Finally, distressed sales in June as a percentage of total sales dropped from 18% to 15% month over month, and they are down from 25% year over year. So if one believes -- like we do -- that home prices, as opposed to mortgage rates, are the most important metrics in sustaining this recovery, common sense dictates that as more distressed properties are worked off the market, housing prices should continue to rise.
Swinging back to Mr. Chaban, he ended by again reiterating (in the context of higher rates) that “life goes on,” and that he believes that at this point, the effect of “higher rates will most likely translate to a potential buyer buying less house, as opposed to not buying,” thus mitigating the effects of higher mortgage rates. Andrew remains extremely constructive on housing for the foreseeable future.
Ben Bernanke himself has pointed to housing as one of the "bright spots" of the economic recovery. Bernanke recently espoused his belief that housing is again being looked at, by most Americans, as their number one investment. Again, we contend that as long as housing prices continue to rise, there should be little effect on housing, given supply /demand favorability, and restored faith from an investment perspective. The latter factor is important because under the premise of rising home values, home equity inherently increases, theoretically creating more personal wealth and trickle-down effects that may result from home equity lines of credit.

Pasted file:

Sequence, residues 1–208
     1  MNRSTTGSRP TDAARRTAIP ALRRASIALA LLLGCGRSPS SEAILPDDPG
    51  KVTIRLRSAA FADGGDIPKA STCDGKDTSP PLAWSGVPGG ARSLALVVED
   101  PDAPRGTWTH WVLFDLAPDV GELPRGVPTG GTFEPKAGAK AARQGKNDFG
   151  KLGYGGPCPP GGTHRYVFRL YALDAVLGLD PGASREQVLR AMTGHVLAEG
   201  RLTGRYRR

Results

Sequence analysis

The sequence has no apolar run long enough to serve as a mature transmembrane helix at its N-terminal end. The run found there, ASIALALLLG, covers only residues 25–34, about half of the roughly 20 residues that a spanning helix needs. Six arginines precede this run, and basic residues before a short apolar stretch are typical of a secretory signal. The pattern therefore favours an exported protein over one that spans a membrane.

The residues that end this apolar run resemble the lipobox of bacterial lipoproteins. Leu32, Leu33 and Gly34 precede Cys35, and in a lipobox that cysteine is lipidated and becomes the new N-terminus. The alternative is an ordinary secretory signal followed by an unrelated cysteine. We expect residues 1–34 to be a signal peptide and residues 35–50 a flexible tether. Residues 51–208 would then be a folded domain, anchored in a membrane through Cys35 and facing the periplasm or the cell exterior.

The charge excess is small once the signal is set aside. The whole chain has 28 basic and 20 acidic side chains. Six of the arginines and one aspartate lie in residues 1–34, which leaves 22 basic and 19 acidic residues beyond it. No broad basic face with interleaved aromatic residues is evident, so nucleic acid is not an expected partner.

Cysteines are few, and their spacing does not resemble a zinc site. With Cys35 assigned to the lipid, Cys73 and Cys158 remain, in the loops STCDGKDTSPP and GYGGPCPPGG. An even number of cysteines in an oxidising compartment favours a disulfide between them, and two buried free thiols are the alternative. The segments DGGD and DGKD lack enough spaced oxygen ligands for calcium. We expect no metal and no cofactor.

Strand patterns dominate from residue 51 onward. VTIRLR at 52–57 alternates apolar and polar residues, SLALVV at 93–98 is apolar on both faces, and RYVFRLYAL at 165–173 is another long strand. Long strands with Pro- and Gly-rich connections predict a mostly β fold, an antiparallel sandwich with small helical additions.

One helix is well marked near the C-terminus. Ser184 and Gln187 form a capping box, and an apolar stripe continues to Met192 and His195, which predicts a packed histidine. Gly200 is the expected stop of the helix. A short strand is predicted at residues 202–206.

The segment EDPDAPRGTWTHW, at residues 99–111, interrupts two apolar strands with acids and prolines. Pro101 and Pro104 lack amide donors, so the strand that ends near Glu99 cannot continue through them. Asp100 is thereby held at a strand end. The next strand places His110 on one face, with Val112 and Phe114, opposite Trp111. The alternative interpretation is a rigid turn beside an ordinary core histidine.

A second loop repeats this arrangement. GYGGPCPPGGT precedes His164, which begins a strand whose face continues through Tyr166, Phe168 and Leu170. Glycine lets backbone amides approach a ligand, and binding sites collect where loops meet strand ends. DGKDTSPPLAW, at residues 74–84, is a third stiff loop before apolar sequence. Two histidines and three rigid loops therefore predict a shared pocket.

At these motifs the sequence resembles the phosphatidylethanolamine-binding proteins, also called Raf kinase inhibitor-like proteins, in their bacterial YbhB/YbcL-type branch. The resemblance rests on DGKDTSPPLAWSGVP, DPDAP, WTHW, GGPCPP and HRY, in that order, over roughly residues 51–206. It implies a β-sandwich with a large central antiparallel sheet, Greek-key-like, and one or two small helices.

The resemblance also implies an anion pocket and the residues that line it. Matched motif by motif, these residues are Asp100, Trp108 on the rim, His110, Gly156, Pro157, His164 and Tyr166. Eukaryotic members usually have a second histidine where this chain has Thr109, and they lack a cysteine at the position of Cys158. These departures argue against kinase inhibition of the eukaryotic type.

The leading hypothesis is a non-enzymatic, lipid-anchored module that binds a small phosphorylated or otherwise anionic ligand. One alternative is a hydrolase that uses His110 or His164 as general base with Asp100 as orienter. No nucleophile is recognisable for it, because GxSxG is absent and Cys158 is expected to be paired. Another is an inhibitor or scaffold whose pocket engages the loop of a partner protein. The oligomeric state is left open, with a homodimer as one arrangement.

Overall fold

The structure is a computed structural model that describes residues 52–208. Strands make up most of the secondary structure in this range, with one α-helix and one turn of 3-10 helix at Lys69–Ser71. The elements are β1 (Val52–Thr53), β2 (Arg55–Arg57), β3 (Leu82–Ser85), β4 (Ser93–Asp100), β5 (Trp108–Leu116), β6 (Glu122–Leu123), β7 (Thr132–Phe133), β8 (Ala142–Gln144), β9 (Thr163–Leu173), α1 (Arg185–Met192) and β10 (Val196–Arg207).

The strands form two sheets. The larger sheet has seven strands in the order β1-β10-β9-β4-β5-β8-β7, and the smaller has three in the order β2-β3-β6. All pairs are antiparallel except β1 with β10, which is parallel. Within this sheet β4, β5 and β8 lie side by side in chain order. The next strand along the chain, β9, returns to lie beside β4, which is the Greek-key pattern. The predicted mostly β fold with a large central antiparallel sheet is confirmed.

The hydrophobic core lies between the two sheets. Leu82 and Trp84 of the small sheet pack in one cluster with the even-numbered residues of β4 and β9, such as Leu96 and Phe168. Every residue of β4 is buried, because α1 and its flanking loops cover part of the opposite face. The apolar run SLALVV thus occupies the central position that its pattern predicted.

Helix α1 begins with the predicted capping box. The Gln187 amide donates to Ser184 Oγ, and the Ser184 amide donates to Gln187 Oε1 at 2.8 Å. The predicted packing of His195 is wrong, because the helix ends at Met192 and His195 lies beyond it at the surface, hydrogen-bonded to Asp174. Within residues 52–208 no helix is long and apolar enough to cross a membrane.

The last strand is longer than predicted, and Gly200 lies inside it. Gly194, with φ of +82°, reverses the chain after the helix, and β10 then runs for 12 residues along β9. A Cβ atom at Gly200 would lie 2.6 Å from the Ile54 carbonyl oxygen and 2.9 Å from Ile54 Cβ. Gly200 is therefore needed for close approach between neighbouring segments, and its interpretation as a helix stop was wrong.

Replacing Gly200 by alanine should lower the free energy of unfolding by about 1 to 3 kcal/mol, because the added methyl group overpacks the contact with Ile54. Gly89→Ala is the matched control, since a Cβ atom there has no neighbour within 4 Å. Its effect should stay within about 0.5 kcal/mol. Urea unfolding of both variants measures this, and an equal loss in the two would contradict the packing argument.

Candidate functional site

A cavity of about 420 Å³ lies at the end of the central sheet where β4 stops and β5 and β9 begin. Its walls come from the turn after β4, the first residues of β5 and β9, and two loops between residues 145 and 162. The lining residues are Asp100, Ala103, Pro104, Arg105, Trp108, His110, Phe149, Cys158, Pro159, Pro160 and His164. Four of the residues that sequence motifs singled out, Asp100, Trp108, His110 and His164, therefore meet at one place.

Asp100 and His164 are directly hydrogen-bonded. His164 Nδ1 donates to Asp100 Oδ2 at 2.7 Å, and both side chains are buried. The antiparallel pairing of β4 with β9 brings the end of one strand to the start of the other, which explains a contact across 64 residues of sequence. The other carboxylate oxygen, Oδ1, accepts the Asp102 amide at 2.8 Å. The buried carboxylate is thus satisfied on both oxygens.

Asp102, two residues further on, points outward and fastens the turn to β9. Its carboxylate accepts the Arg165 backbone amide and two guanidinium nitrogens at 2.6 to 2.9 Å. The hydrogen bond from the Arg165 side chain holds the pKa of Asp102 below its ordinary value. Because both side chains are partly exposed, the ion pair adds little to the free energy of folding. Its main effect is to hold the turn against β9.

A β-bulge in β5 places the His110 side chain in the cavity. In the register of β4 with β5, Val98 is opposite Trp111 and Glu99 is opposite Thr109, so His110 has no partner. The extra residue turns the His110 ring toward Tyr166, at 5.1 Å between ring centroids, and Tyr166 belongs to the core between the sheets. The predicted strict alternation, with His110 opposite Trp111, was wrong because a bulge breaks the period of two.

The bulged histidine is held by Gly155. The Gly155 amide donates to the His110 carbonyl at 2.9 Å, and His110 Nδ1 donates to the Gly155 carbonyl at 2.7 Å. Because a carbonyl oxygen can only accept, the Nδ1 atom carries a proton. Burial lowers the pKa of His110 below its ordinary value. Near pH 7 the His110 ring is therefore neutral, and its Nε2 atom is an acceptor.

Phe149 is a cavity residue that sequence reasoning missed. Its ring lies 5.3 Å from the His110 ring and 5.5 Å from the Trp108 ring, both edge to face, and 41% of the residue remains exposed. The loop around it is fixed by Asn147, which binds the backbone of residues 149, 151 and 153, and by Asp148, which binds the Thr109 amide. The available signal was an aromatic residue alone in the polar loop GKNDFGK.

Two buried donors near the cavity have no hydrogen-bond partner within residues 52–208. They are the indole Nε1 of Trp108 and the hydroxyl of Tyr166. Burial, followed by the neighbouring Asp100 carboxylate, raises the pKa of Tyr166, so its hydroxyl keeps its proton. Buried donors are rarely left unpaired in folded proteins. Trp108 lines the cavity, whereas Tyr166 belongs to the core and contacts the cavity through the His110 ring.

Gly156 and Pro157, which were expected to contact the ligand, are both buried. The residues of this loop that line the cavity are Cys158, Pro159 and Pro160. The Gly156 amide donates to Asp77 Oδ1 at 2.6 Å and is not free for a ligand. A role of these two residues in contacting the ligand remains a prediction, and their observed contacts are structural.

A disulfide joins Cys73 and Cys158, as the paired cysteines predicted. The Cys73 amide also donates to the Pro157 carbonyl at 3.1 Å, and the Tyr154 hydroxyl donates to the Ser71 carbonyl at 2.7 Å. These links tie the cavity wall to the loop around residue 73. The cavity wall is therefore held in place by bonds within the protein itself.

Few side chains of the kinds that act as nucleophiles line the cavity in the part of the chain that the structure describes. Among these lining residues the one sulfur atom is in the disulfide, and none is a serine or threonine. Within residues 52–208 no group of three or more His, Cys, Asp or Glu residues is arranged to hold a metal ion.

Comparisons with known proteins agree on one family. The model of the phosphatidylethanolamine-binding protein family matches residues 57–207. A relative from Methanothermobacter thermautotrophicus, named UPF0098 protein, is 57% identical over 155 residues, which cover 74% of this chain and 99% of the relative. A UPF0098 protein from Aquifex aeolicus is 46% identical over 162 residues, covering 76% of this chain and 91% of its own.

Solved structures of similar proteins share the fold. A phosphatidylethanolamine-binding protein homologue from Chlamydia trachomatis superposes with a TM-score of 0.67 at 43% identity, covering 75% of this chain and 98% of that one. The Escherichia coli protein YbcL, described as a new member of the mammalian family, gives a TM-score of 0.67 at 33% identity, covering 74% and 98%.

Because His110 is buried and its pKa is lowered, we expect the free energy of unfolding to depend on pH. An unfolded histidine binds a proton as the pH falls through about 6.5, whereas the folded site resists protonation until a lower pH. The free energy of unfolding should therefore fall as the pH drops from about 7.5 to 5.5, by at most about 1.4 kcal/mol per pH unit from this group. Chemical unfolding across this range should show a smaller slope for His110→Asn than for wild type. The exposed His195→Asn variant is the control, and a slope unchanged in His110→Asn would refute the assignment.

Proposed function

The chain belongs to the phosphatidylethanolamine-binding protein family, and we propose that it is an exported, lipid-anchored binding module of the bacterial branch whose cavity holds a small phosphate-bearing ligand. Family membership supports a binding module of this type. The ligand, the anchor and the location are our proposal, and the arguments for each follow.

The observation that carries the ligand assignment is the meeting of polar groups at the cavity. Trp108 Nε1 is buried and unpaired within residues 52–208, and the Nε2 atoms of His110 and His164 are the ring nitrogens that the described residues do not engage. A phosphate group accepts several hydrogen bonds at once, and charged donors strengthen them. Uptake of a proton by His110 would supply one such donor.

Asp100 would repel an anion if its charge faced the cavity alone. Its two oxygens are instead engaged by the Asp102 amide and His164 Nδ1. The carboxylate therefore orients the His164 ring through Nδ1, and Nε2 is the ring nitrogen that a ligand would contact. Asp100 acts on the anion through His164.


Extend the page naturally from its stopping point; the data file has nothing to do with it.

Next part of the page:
In light of some of this new evidence, using mortgage rates solely as a guide would be mostly unhelpful. There is a caveat here, as many economists contend that an inflection point may occur if the 30-year fixed rate eclipses the 6% threshold. This could be a psychological barrier for many buyers as well. Instead, we should look to home prices as a guide. Since prices are on the rise as well, one can conclude that the housing market will continue to strengthen in the coming months. Despite rising mortgage rates, the housing market will not stagnate -- in fact, it will improve. All it takes to prove this is a look at the last decade, from which there is most definitely a lot to learn.
And a bullish attitude never hurt, either.
About the Authors:
Joe Digiammo is the Managing Director of Equities at Mischler Financial. Prior to joining Mischler, Joe worked for Morgan Stanley in New York City in institutional equities, as a position trader and sales trader. In total, he has more than 18 years of experience in sales/trading and management.
David Michalowicz is interning with Mischler Financial Group this summer. He is a sophomore math major at Carnegie Mellon University.